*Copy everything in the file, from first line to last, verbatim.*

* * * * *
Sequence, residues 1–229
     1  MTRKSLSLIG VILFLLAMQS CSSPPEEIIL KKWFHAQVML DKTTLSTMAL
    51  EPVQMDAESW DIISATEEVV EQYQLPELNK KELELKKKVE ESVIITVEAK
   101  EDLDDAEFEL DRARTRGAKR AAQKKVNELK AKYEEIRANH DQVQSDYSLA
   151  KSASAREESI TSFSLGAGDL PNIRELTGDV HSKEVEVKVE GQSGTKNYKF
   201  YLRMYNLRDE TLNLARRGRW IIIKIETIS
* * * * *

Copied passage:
Sequence, residues 1–229
     1  MTRKSLSLIG VILFLLAMQS CSSPPEEIIL KKWFHAQVML DKTTLSTMAL
    51  EPVQMDAESW DIISATEEVV EQYQLPELNK KELELKKKVE ESVIITVEAK
   101  EDLDDAEFEL DRARTRGAKR AAQKKVNELK AKYEEIRANH DQVQSDYSLA
   151  KSASAREESI TSFSLGAGDL PNIRELTGDV HSKEVEVKVE GQSGTKNYKF
   201  YLRMYNLRDE TLNLARRGRW IIIKIETIS